Once a foxhound began to have second thoughts about chasing the fox. This unaccustomed feeling was hardly more than a distraction at first, not much different from just another phantom stirring in the fog like any of those that had for years drawn the foxhound and its kennelmates racing across damp and risky ground for the merest chance of a bone-warming kill as reward. Such vague uneasiness was hard to distinguish either from the spell of light-headedness that might come over the hound at the end of a long run and then pass without further effect. A brief nap, and all was quickly right again. Except that it wasn’t anymore. This strange new sensation did not fade as expected. Instead, it lasted a bit longer after each hunt: a rankling disquiet that came and went of its own defiant will, as if pacing in broad daylight just outside the kennel fence. Despite all the satisfactions enjoyed in the past and all the praise still earned from the master of the hounds, the passion for running a fox to ground was beginning to pale as this strange new state of mind deepened. Once so compelling it seemed the very reason for being born a foxhound, charging pell-mell over field and stream in pursuit of the fugitive scent of the prey was now taking on the dog-trot of routine or of merely going through the motions so as not to fall behind. The hound was at a loss to understand why its life was taking this turn, and that inability only added to a growing, disorienting malaise. Particularly as none of its companions seemed troubled in the least by this queasy feeling spreading within it. Their eyes narrowed with disbelief when it mentioned its bafflement—many eyes even to sharp slits of suspicion. What caused this flagging determination to rid the world of foxes, the others wanted to know? The things were as crafty and dangerous as ever, were they not? Their feral nature would never change, and any slacking off in their pursuit, any hesitation to join in pulling a fox from its lair and tearing it limb from limb, was a sign of weakness that would doubtless be noticed beyond the kennel. And the next time a call to the hunt sounded, what then? The foxhound was reminded in no uncertain terms that not only did its own wellbeing but the wellbeing of all depended upon unflagging teamwork in the chasing down and killing of foxes. How long would foxhounds be housed and fed, did it suppose, if they didn’t prove themselves worthy of that sought-for pat on the head for their tireless dedication? Had they deserved the rewards of their domestication or not? One pace slower or one chorus of baying allegiance less and questions about their trustworthiness would surely arise. And once that occurred, where would any of them be? Think of the pack, the foxhound was urged. And if that wasn’t enough, think of itself. Without the hunt, what separated a foxhound from the fox in the end? Answer that! The foxhound realized it had no ready response to these questions, particularly the last, which carried the weight of a direct challenge to give an accounting of itself. What did separate it from the fox? In truth, there wasn’t much to tell them apart physically, and mistaking the fox for a small hound or the hound for a larger fox might easily happen. But there must be ways to distinguish them under the skin. Qualities that made plain the foxhound’s superiority to the fox. In its state of mounting distraction, however, the hound wasn’t sure it could name these deciding qualities with the confidence it once had felt. In what ways was it more than just a larger breed of fox? There was that old assurance of being “man’s best friend,” of course. That ought to count for something after thousands of years of heeling to humanity’s every wish. Something must have rubbed off during all that time. Something. And what of the hound’s discipline, the steady answering of every test of its intelligence and its devotion to task? These had to count in the larger scheme of life as being worthy of admiration, more so at least than a fox’s brute instinct and cunning ways. If not, if it and the fox were merely on a par, co-equals facing one another across a divide between self-control and utter wildness, what reason was there for striving to overcome the savage state? Sacrifice must have its demonstrable proofs and returns. Yet these reassuring distinctions might not be as evident as a hound would wish. And the more this one wrestled with the questions before it, the more its failure to answer any of them vexed the wait between hunts. At first the lack of certainty troubled only its early hours, fading as these gave way to the traditional rewards of life within the fence. But that release from anxiety grew shorter by the day, until even the pleasures of a bone to gnaw at or a full bowl on the floor could not quiet the doubts that threatened to pursue the foxhound to distraction. There were even times when it would fall victim to sudden blackouts and come to with its nose against the fence, trembling in alarm. Would it soon be in danger of losing control of its life altogether and spending the rest of it harried by self-distrust? Perhaps tempted in a fit of madness to burrow under the fence and be off, abandoning everything that had given it stability and direction? And all the while, the worry over what separated a foxhound from a fox refused to let up. The line between it and this wild creature, like hedgerows on the landscape of dreams, rose into view only to fade away again, then reappear somewhere further on and vanish just as completely. Until the only release the foxhound felt offered any hope was the utter destruction of this menace to its sense of definition and worth. And so it seized on what seemed suddenly obvious: every fox for miles around must die. From that day forward, not a hunt took place but the foxhound pushed itself into the lead, running as if possessed and determined to be first to overtake the prey. No obstacle could slow it and no distance induce it to give up the chase. With the stakes being its life or the fox’s, nothing less than the loss of meaning to its very existence or the salvaging of it through grim resolve, was it any wonder that when it finally brought the fox to bay, no mercy held it back? Not the slightest hesitation at ridding its world, once and for all, of this tormenting reminder of the untamed life.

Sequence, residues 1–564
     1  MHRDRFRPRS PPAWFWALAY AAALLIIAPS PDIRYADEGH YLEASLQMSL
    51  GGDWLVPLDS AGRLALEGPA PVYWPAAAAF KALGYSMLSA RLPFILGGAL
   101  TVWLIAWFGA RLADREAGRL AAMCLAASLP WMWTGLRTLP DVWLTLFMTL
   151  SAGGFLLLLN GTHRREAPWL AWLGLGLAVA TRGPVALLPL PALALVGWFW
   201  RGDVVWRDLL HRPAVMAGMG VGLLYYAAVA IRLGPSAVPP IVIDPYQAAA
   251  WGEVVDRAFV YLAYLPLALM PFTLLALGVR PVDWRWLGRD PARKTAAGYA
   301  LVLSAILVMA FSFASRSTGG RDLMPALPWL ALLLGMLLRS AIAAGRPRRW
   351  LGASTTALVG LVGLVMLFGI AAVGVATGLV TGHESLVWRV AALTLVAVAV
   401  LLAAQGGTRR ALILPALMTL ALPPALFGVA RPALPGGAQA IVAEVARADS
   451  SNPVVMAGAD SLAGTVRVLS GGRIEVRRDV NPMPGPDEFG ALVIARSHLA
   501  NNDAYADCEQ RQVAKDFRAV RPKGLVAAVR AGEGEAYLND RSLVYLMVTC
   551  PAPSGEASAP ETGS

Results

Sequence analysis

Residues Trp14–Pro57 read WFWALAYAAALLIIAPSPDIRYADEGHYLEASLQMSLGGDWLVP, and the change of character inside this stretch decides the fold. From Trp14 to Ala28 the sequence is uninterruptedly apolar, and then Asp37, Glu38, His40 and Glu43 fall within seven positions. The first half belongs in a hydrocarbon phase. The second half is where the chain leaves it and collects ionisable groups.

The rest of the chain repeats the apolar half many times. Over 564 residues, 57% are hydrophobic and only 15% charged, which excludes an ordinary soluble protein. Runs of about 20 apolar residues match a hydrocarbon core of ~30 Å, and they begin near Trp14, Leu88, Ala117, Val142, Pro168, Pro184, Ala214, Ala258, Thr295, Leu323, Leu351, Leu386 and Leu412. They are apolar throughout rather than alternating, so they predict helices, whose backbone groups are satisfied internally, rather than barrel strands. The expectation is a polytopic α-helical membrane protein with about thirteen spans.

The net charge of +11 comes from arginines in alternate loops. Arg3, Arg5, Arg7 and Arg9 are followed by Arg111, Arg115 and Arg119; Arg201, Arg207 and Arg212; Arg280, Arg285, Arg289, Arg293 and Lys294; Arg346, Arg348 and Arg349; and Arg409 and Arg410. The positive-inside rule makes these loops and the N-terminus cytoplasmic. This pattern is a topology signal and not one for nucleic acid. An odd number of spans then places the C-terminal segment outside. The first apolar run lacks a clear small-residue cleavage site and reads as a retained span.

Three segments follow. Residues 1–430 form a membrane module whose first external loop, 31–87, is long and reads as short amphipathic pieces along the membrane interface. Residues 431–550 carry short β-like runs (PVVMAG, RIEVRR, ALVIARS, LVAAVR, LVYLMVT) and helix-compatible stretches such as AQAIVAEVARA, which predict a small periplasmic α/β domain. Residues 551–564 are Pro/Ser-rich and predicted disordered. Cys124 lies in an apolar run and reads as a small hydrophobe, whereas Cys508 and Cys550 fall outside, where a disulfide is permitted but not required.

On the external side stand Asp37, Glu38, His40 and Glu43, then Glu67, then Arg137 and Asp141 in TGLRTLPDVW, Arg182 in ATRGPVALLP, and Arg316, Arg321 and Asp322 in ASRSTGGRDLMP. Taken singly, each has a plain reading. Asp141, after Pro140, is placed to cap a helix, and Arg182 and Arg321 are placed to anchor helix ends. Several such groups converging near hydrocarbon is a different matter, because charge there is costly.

Copyright © 2010 by Geoffrey Grosshans